• In 2009 (I think??) a journalist interviewed me for an article about gray-asexuality which was, as far as I know, the first mention of such a thing in any media, outside of asexual-only spaces. That article no longer exists, and as far as I can tell, was never archived.
  • Also in 2009, there was a dialog with Joy Davidson (who once appeared on a talk show’s asexuality segment and was portrayed in an “invalidating skeptical expert” role) on Asexual Curiosities; prior to this, she had always appeared to be somewhat hostile to the idea of asexuality.
  • In April 2010, I started a big survey on sexual assault—which was not limited to the asexual community, but had a lot of ace participants. It generated a lot more interest than I thought it would, many people shared their stories with me, and I use the insights I gained from it daily. The writing project I originally started this to support turned into something else completely. This was one of the times when I really started getting collaboration and support from outside the ace community.
  • In September 2010, after a lot of discussion of flibanserin (which many aces opposed), I hosted an interview with K, who ran a blog called Feminists with FSD (female sexual dysfunction). She then interviewed me in turn. These generated a lot of discussion, and brought to light some issues that were previously under-discussed.
  • In December 2010, there was a blog carnival on asexuality and autism, orchestrated by Sciatrix, Kaz, and Ily—here’s the roundup post.
  • In 2011, the Carnival of Aces began in earnest. This brought a whole new level of collaboration between bloggers and opened up the format to people who don’t normally blog about asexuality.
  • Another thing that happened in 2011: that same journalist from before included me in a new article about grayness without my permission, after I had stopped IDing as gray-area. (I mentioned this recently.)
  • We all know what else happened in 2011—(A)sexual on Netflix, the Tumblr explosion, and The Great Ace Hate (much of which, btw, originated on LiveJournal, not Tumblr)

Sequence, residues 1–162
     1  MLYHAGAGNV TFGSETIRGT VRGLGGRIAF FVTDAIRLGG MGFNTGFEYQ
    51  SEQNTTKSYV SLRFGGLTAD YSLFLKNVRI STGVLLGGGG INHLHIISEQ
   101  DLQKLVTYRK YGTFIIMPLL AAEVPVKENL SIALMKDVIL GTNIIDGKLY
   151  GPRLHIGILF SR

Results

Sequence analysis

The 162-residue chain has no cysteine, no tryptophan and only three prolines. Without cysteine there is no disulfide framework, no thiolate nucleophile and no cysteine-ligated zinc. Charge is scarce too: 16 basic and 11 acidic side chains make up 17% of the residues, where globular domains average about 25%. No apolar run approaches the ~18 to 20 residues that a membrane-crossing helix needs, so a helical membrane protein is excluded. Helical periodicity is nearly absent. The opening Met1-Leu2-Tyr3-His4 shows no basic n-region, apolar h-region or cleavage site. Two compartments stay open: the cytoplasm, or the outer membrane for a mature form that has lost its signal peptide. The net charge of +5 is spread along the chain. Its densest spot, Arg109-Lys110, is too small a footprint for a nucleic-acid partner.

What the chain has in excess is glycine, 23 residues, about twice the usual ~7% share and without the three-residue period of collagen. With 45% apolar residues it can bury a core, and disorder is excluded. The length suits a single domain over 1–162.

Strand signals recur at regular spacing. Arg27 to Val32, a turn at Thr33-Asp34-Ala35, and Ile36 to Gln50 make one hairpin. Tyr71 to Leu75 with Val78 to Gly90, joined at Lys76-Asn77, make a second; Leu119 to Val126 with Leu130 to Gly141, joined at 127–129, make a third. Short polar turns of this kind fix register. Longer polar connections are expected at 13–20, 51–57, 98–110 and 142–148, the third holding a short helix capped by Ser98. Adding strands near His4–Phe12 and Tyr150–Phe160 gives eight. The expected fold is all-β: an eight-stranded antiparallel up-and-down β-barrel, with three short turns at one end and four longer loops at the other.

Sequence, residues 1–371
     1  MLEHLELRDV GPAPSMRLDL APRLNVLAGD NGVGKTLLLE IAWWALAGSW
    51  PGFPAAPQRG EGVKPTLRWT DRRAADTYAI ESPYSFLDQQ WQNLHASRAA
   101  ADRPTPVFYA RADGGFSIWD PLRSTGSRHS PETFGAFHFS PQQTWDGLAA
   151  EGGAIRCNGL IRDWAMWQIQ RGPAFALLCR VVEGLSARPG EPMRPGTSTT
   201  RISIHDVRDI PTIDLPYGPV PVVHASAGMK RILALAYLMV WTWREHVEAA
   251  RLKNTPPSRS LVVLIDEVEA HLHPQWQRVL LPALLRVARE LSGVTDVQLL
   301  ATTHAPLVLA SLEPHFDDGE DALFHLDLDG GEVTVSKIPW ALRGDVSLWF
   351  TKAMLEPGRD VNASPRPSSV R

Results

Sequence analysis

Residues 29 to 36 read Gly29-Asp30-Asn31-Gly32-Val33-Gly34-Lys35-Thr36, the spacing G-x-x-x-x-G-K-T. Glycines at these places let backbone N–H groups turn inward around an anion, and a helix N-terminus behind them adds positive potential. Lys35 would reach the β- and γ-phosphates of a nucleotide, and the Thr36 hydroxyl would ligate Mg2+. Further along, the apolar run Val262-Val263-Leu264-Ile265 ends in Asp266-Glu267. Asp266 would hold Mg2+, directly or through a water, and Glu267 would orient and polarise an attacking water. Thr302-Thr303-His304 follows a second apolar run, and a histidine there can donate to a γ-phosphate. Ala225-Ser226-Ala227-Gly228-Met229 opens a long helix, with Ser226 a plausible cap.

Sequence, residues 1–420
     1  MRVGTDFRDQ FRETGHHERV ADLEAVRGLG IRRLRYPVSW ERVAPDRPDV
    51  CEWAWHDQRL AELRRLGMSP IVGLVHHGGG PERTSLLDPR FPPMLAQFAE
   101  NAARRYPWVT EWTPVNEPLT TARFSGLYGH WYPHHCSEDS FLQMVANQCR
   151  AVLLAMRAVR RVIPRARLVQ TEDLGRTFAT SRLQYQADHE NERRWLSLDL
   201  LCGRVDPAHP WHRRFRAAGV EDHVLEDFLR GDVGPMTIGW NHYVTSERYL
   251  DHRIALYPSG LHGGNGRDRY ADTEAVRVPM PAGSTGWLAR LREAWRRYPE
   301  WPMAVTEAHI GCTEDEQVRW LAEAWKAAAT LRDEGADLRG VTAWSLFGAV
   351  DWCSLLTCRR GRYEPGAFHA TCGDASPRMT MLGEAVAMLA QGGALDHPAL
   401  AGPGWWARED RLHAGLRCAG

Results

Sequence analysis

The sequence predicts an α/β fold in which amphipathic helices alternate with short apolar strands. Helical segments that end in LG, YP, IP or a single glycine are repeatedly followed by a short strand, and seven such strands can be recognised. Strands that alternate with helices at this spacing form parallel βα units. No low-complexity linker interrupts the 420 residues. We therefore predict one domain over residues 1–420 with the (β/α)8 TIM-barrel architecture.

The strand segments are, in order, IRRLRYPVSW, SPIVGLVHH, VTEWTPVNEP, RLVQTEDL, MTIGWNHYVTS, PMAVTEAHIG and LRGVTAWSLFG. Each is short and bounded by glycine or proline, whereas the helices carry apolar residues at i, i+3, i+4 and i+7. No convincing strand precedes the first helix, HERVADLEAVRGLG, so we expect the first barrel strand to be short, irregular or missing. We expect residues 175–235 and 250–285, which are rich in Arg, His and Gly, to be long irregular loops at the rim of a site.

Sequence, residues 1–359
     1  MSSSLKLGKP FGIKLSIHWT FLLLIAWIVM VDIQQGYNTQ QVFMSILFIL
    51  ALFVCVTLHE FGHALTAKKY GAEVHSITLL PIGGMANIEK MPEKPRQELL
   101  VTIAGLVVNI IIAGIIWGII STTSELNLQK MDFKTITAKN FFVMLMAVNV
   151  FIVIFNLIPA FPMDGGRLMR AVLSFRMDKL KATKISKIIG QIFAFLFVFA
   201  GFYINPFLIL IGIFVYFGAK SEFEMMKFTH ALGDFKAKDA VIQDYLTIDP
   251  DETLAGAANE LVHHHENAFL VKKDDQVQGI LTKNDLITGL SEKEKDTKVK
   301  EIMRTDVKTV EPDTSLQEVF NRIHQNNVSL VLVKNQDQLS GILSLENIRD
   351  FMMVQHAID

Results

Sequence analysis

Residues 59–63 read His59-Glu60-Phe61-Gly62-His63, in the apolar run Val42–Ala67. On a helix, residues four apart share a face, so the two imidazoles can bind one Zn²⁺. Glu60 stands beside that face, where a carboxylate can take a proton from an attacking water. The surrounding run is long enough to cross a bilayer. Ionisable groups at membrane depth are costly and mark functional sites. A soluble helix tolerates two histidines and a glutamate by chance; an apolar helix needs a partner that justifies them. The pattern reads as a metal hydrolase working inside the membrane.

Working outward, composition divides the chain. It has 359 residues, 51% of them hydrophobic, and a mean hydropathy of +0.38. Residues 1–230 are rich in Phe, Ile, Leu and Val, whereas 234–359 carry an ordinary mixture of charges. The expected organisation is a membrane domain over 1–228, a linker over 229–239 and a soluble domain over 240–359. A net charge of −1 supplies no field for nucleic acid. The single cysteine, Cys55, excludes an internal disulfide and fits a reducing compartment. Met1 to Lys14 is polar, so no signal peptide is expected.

• When I asked Ily for some highlights to include in this post, she recounted an adorable story of one time when she got fanmail—someone sent her a book on “hug therapy,” and while she doesn’t remember when that happened, she said that it was “extremely sweet.” Aww.

You can see a trend of the blogosphere accumulating more and more voices and visibility, and bloggers beginning to collaborate more actively with one another—both within the ace community and in other communities. I recall several other points where we were acknowledged and had dialogue with individual feminists(/womanists), disability activists, and sex-positive bloggers that had less longevity—many of those blogs are now deleted, and since they were often personal blogs, I wouldn’t be comfortable linking to them anyway.

You can see us also gradually expanding our topics to explore intersectional issues, and focusing less on trying to pin down things like definitions, and what different kinds of attraction mean. For the first few years, I recall there being a lot more discussion of things like HSDD than there was later on, after it was settled that asexuality would get a mention in the DSM-5. Towards 2010-2011, I started getting a lot more people coming to me to ask advice, which I think reflects a widening audience. I think many others started coming to bloggers instead of AVEN for advice as well, which led to the creation of advice blogs.

It’s interesting—and annoying—that I found myself in the position of being quite possibly the most visible “gray-asexual” person for a little while there… even after I no longer thought of myself that way. I had to jump through some hoops to break that perception of me. That kind of visibility was never what I wanted, or expected. I mostly thought that I’d primarily be talking to other asexuals, with hardly anyone else taking notice. Since, after all, “nobody cares,” right? Ha.

I’ll leave that discussion for another time, though.

These days, the Ace Blogosphere is vast. There is truly no way to read it all. So now, we have to dedicate a lot more effort to curating posts for others to read. Back in the day, I actually used to use the WordPress tags to find new posts (and blogs) about asexuality. Hardly anyone does that now.

I think there’s still a lot more room for us to continue to grow. Certain perspectives still tend to be over-represented, while others are quiet. I’d love to hear from many more people—even if you don’t think you have anything “worthwhile” to say. Remember, I didn’t think anyone cared about what I had to say when I started blogging, either! I still don’t think my opinions are of especially great concern, really. I’m more interested in hearing what you have to say!

So consider writing something. The Asexual Agenda is currently looking for more contributors.

I’ll leave you with some sage advice from Ily: try to write “like no one is reading” and don’t worry about people judging you, because otherwise you might feel paralyzed. Getting over that “I’m not good enough” self-judgment and anxiety is often the hardest part. But you know what Ily said to me when I talked to her?  She said, “Since when were blogs supposed to be good?” And I thought, yes, exactly! You don’t have to hold yourself to a standard like that—just be yourself, and write whatever you think.

More people will care than you think.